An Ultimate Ungulate Fact SheetReturn to Artiodactyla

Kingdom: Animalia
  Phylum: Chordata
    Class: Mammalia
      Order: Artiodactyla
        Family: Bovidae
          Subfamily: Bovinae
            Genus: Tragelaphus

Tragelaphus imberbis

      Lesser kudu


Tragelaphus imberbis [Blyth, 1869].  
Citation: Proc. Zool. Soc. Lond., 1869:55.
Type locality: "Abyssinia" (= Ethiopia).
The taxonomic record (above) is taken from Wilson and Reeder (1993).  T. australis is a synonym for Tragelaphus imberbis.

Click on the pictures above for a larger view of the photographs

General Characteristics

Body Length: 110-140 cm / 3.6-4.6 ft.
Shoulder Height: 90-110 cm / 3-3.7 ft.
Tail Length: 25-40 cm / 10-16 in.
Weight: 56-105 kg / 123-231 lb.

Females and young are a reddish-brown, while bulls turn blue-grey with age. There are 11-14 very distinctive white stripes on the sides, a white patch on both the upper and lower throat, two white cheek spots, and a chevron between the eyes. The slender legs are tawny with black and white markings. Males have a small mane on the nape of the neck and along the spine. There is no beard on the throat (imberbis = not bearded).  The spiraled horns are found only in the males and grow 60-90 cm / 2-3 feet long, having two twists.

Ontogeny and Reproduction

Gestation Period: 8 months.
Young per Birth: 1
Weaning: After 6 months.
Sexual Maturity: Females by 15 months, males mature sexually at this time, although they do not become socially mature until their 4th or 5th year.
Life span: Up to 15 years.

There is no fixed breeding season, so calves are born throughout the year.  After birth, the young lie concealed away from their mother.

Ecology and Behavior

The lesser kudu is primarily active at night and in the early morning, seeking shelter shortly after sunrise.  The alarm call is a sharp bark.  The lesser kudu is shy and wary, and when startled flees with the tail held up, revealing the white underside.  Leaps of up to 2 meters / 6.6 feet have been recorded, though these are not common.  Individual home ranges average 2.2 square kilometers for males and 1.8 square kilometers for females.  These areas overlap extensively with no apparent territoriality, and different parts are used at different times of the year.  Population density rarely exceeds 1 animal per square kilometer.

Family group: Mixed or single sex troops of 2-5 individuals, rarely up to 24. Old bulls are solitary.
Diet: Primarily leaves, sometimes grasses and fruit.  Lesser kudu rarely drink.
Main Predators: Leopard, Cape hunting dog, lion.


Dry thorn brush and forests in Eastern Africa.

Countries: Djibouti [RE], Ethiopia, Kenya, Saudi Arabia? [RE], Somalia, Sudan, Tanzania, United Republic of Uganda, Yemen? [RE] (IUCN, 2002).

Range Map (Redrawn from IAE, 1998)

Conservation Status

The lesser kudu is classified as low risk, conservation dependent by the IUCN (2002), and is not listed by CITES.


Kudu, or koodoo, is the Hottentot name for the greater kudu, a close relative.  The 'lesser' denotes the smaller size and lack of mane of this antelope when compared to the greater kudu.  Tragos (Greek) a he-goat;.elaphos (Greek) a deer; in combination referring to an antelope.  Imberbis (Latin) unbearded: a reference to the absence of a mane on the throat, as found in the greater kudu.

Petit koudou (Walther, 1990)
Kleiner Kudu (Walther, 1990)

Literature Cited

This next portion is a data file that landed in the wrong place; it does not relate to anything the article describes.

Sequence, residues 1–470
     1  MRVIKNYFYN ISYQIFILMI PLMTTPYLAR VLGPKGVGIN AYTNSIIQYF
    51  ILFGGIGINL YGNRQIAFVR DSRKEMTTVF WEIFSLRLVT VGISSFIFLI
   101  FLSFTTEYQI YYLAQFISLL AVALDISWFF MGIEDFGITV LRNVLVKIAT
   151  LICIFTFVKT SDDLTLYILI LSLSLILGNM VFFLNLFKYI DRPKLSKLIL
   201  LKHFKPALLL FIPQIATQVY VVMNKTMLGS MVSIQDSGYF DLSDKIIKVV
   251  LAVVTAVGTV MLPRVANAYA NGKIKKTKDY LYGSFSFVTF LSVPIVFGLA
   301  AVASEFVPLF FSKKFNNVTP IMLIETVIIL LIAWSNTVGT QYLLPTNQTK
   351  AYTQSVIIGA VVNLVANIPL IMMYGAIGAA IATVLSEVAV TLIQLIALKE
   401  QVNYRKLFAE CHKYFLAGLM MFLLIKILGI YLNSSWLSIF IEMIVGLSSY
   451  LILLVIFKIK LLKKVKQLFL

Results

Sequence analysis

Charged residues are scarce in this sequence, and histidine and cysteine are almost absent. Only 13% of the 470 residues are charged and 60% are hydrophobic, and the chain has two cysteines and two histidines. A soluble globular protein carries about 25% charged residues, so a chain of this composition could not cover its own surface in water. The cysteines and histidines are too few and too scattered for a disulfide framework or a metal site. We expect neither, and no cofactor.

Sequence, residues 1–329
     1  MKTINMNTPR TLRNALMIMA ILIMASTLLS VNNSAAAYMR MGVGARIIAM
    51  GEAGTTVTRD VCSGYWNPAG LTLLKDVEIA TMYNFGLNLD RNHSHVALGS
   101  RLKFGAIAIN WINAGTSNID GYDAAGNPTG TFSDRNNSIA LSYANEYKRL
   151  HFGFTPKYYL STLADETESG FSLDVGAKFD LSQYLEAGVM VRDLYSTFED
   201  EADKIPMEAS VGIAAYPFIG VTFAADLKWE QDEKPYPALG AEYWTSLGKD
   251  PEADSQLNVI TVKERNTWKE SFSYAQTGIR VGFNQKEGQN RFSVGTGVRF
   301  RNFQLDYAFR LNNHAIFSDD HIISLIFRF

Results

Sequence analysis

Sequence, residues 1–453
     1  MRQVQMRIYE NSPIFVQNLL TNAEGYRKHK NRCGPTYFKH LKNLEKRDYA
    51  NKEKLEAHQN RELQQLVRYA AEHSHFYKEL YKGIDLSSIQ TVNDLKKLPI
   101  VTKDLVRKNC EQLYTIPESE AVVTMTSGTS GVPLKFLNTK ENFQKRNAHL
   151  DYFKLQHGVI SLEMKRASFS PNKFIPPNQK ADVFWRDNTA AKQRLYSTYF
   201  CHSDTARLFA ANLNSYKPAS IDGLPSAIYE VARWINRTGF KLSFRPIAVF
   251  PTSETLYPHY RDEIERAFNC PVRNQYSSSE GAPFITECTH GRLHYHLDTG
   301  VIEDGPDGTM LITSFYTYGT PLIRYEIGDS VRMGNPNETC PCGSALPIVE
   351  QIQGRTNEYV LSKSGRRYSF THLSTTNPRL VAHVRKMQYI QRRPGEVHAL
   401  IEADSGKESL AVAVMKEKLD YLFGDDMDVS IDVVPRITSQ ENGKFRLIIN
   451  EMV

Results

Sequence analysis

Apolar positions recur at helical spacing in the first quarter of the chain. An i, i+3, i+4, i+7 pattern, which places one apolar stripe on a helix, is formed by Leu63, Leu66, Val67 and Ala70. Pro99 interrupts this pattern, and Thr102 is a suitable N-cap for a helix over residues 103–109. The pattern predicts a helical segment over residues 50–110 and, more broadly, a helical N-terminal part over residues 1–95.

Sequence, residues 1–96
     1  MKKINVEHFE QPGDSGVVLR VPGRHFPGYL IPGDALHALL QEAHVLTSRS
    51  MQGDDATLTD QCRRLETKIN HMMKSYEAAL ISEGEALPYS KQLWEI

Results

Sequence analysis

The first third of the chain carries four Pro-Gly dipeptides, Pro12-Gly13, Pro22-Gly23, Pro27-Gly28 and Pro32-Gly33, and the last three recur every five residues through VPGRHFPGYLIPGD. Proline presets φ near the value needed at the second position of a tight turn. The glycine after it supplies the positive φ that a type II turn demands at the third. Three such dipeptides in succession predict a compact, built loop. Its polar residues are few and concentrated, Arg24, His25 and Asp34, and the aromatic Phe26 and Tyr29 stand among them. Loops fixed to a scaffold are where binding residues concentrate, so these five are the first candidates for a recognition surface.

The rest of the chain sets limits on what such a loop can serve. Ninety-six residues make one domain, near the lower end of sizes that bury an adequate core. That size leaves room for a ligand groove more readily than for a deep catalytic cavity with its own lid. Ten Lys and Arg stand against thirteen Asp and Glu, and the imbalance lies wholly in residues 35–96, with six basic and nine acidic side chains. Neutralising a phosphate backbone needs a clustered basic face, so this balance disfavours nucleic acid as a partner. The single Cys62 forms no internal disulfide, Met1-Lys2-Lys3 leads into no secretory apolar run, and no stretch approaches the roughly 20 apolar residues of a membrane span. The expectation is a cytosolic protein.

IEA (Institute of Applied Ecology) 1998. Tragelaphus imberbis. In African Mammals Databank - A Databank for the Conservation and Management of the African Mammals Vol 1 and 2. Bruxelles: European Commission Directorate. Available online at

IUCN (International Union for Conservation of Nature and Natural Resources).  2002.  2002 IUCN Red List of Threatened Species. Available online at

Kingdon, J.  1997.  The Kingdon Field Guide to African Mammals.  Academic Press, London and New York: NaturalWorld.

Nowak, R. M. [editor]. 1991. Walker's Mammals of the World (Fifth Edition). Baltimore: The Johns Hopkins University Press.

Walther, F. R. 1990.  Spiral-horned antelopes.  In Grzimek's Encyclopedia of Mammals.  Edited by S. P. Parker.  New York: McGraw-Hill.  Volume 5, pp. 344-359.

Wilson, D. E., and D. M. Reeder [editors]. 1993. Mammal Species of the World (Second Edition). Washington: Smithsonian Institution Press.  Available online at

Additional Resources

Alden, P. C., R. D. Estes, D. Schlitter, and B. McBride.  1995.  National Audubon Society Field Guide to African Wildlife.  New York: Chanticleer Press.

Benirschke, K., D. Rueedi, H. Mueller, A. T. Kumamoto, K. L. Wagner, and H. S. Downes.  1980.  The unusual karyotype of the lesser kudu Tragelaphus imberbis.  Cytogenetics and Cell Genetics 26(2-4): 85-92.

East, R. (compiler) 1998. African Antelope Database. IUCN/SSC Antelope Specialist Group.

Janecek, L. L., R. L. Honeycutt, R. M. Adkins, and S. K. Davis.  1996.  Mitochondrial gene sequences and the molecular systematics of the artiodactyl subfamily Bovinae.  Molecular Phylogenetics and Evolution 6(1): 107-119.

Leuthold, W.  1971. Studies on the food habits of lesser kudu in Tsavo National Park, Kenya.  East African Wildlife Journal 9: 35-45.

Leuthold, W.  1979.  The lesser kudu Tragelaphus imberbis: ecology and behavior of an African antelope.  Saeugetierkundliche Mitteilungen 27(1).

Mitchell, A.W.  1977. Preliminary observations on the daytime activity patterns of lesser kudu in Tsavo National Park, Kenya.  East African Wildlife Journal 15: 199-206.

Read, B., D. Vogt, and E. W. Houston.  1990.  Breeding program for the lesser kudu Tragelaphus imberbis in North America.  Zoo Biology 9(4): 287-296.

Vahala, J.  1992.  Reproduction of the lesser kudu (Tragelaphus imberbis) at Dvur Kralove Zoo.  Zoo Biology 11(2): 99-106.

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